From French New Wave classics to violent genre films and Oscar-nominated dramas, some of the greatest films of all time have been crafted by female directors. In celebration of International Women’s Day (8thMarch), here are just ten of the finest films directed by women:
Cléo from 5 to 7 (1962)
A pioneering trailblazer in the French New Wave movement, Agnés Varda has made a career out of telling stories about women (including numerous documentaries about her own life). Her entire filmography is worth checking out, but her masterpiece might be the 1962 French New Wave classic Cléo from 5 to 7, a real-time drama about a singer awaiting the results of an important medical test.
Near Dark (1987)
The lone female recipient of the Academy Award for Best Director, Kathryn Bigelow has received critical acclaim for intense thrillers like The Hurt Locker and Zero Dark Thirty. However, before she was an award-winner, Bigelow directed violent, testosterone-fuelled films like Near Dark, a stylish vampire film that overcame poor box office returns to become one of the definitive cult films of the eighties.
Throughout the eighties and nineties, Penny Marshall was the most influential female director in Hollywood. Having previously established a prolific career in television, Marshall’s big Hollywood break came in 1988 when she directed Big, a warm-hearted fantasy comedy that launched Tom Hanks into the mainstream and earned two Oscar nominations.
Before Easy A and Mean Girls, there was Clueless. A smart, quotable update of Jane Austen’s Emma, Clueless was further proof that writer-director Amy Heckerling understood teenagers after her terrific 1982 high school comedy Fast Times at Ridgemont High. Remembered for its iconic Alicia Silverstone performance, Clueless still holds up as one of the best teen comedies ever made.
Jesus’ Son (1999)
The most underrated film of the nineties? Adapted by Alison Maclean from a collection of Denis Johnson’s short stories, Jesus’ Son follows Billy Crudup’s hapless heroin addict as he schemes his way across the American Midwest. Darkly funny and filled with terrific actors (including Samantha Morton and Dennis Hopper), Jesus’ Son is like a more laidback Trainspotting, and should have made Maclean a bigger name.
Lost in Translation (2003)
Though she’s the daughter of one of America’s greatest directors, Sofia Coppola has established herself as an auteur in her own right. While The Virgin Suicides and Marie Antoinette are lyrical dramas about strong women struggling against the patriarchy, her masterpiece is the Oscar-winning Lost in Translation. Depicting the tender romance between Bill Murray’s lonely actor and Scarlett Johansson’s unhappy spouse, Lost in Translation still makes audiences swoon.
Fish Tank (2009)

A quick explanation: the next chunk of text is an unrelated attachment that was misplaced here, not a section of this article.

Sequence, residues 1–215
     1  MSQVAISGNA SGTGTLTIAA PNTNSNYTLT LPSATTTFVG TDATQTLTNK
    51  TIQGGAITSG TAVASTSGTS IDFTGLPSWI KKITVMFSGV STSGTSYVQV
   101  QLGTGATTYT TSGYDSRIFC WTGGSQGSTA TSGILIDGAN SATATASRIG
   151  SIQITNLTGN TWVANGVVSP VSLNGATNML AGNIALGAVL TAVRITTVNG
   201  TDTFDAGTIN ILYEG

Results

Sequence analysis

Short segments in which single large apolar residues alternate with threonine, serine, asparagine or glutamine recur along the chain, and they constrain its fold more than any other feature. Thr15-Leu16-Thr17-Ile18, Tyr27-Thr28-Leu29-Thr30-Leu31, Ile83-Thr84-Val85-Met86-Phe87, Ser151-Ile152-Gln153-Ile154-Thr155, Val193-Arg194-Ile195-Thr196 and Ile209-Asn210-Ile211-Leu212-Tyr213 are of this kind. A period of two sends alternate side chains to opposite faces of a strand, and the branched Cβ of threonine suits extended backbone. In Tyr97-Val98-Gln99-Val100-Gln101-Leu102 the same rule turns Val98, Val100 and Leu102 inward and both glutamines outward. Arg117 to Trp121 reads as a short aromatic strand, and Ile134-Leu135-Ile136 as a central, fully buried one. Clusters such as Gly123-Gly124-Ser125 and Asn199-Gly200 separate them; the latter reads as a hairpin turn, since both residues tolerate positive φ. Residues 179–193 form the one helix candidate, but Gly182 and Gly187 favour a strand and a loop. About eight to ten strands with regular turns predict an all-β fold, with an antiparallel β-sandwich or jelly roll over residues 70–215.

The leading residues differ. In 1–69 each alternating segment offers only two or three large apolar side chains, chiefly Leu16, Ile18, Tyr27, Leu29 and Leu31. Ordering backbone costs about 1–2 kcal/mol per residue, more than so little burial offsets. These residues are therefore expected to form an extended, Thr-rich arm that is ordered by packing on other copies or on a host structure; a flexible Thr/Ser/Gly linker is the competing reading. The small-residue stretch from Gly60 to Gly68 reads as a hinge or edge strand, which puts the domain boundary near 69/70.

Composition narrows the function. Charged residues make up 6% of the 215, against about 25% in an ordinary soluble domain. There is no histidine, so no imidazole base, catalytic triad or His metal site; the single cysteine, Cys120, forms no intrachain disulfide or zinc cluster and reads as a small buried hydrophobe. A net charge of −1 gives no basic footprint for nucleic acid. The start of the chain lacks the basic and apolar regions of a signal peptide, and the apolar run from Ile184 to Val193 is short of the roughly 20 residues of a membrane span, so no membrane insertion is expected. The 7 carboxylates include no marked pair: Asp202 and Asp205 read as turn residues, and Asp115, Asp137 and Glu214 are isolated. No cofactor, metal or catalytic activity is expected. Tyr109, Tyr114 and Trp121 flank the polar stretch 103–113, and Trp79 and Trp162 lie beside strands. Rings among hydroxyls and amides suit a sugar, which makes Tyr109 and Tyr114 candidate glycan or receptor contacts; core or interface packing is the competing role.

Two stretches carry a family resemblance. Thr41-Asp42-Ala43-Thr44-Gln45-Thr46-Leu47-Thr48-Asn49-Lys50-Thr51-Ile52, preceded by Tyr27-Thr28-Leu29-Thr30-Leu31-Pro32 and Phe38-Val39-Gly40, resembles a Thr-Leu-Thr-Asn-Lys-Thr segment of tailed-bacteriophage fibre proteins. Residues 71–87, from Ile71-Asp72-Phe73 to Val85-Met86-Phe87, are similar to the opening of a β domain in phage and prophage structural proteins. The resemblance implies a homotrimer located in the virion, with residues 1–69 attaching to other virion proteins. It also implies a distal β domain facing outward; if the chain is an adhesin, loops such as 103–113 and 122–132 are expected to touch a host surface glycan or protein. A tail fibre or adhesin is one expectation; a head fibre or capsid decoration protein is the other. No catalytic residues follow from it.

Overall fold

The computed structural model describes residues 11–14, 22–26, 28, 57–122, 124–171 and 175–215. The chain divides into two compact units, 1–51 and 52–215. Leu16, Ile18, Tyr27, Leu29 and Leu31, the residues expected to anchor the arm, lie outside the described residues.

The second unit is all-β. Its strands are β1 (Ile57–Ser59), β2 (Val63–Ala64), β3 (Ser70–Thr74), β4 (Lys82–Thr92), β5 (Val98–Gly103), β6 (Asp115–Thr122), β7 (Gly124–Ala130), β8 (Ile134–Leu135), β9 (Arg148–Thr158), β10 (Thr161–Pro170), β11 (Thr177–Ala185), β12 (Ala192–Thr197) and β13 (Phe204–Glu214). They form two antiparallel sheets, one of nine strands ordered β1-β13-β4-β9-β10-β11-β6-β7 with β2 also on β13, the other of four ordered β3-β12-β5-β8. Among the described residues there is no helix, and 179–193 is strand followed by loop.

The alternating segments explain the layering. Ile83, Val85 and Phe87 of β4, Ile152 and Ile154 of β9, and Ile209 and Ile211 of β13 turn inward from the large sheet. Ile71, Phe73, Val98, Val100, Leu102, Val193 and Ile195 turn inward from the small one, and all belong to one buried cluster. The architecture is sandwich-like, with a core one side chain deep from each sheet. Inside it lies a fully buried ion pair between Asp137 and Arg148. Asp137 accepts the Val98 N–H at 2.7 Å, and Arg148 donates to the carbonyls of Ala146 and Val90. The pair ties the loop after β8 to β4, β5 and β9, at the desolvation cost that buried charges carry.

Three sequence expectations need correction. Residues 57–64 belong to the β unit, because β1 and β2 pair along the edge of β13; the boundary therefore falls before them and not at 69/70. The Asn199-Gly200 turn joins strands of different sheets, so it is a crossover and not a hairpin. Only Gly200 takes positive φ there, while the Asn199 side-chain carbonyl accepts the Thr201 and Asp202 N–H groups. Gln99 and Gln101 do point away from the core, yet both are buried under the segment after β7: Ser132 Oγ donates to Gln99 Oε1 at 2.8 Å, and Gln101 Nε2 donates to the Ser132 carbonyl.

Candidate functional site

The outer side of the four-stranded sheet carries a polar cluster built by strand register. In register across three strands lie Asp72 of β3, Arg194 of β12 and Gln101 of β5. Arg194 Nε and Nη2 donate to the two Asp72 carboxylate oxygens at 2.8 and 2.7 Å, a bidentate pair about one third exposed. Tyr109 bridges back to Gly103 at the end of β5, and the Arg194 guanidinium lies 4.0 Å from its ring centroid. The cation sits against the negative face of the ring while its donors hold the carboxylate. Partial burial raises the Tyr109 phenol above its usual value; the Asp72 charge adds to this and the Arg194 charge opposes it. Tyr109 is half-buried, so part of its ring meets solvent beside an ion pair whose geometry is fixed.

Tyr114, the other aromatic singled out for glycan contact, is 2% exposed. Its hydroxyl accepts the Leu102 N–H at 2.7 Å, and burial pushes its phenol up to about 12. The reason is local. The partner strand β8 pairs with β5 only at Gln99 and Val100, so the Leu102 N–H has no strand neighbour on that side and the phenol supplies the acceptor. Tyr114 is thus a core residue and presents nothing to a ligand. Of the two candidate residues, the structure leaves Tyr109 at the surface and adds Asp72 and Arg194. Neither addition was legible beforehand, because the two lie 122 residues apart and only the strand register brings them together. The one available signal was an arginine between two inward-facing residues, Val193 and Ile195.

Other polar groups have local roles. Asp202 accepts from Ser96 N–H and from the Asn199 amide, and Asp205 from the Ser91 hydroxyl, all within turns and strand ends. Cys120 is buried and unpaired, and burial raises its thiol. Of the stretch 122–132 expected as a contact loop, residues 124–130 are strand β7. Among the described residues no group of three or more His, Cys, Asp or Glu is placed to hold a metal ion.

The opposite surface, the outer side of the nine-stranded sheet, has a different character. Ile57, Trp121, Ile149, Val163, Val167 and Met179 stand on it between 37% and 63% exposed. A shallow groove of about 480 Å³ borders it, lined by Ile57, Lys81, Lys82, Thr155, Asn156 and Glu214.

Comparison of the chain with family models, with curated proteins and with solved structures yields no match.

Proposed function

From the ‘angry young men’ of the 60s to award-winning filmmakers like Mike Leigh and Ken Loach, British social realism is a male-dominated genre. Of the few female voices, Andrea Arnold’s films might be the most striking, and 2009’s Fish Tank is one of the best British films of the decade. Focusing on a troubled teenager’s affair with her mother’s charismatic boyfriend (an early Michael Fassbender performance), Fish Tank is one of the definitive depictions of teenage girls in film.
The Babadook (2014)
Is The Babadook the scariest female-directed horror film of all time? Jennifer Kent’s Australian chiller is a terrifying portrait of motherhood, showing a widowed mother (the outstanding Essie Davis) as she discovers a sinister children’s book is invading her and her disturbed son’s lives. Kent’s latest film, The Nightingale, is due out this year; by all accounts, it’s just as intense.
Lady Bird (2017)
Since 1929, only five women have been nominated for Best Director. Alongside Bigelow, Coppola, Lina Wertmüller, and Jane Campion, Greta Gerwig was deservedly-nominated in 2017 for autobiographical coming-of-age drama Lady Bird. Sharply written and featuring Oscar-nominated performances from Saoirse Ronan and Laurie Metcalf, Lady Bird is a warm-hearted exploration of a girl on the cusp of adulthood, trying to find herself under the watch of her overbearing mother. The tearjerking ending ensures every audience member phone their mothers in floods of tears.
You Were Never Really Here (2018)
Lynne Ramsay may be the greatest living director, regardless of gender. Though she’s only directed four features in twenty years, each one is something special. Her most recent film, You Were Never Really Here, takes a standard thriller and transforms it into a nerve-shredding study of PTSD and trauma. Winner of Best Screenplay and Best Actor (for Joaquin Phoenix) at the Cannes Film Festival, You Were Never Really Here is a future classic, and further proof that Ramsay is a talent unlike any other.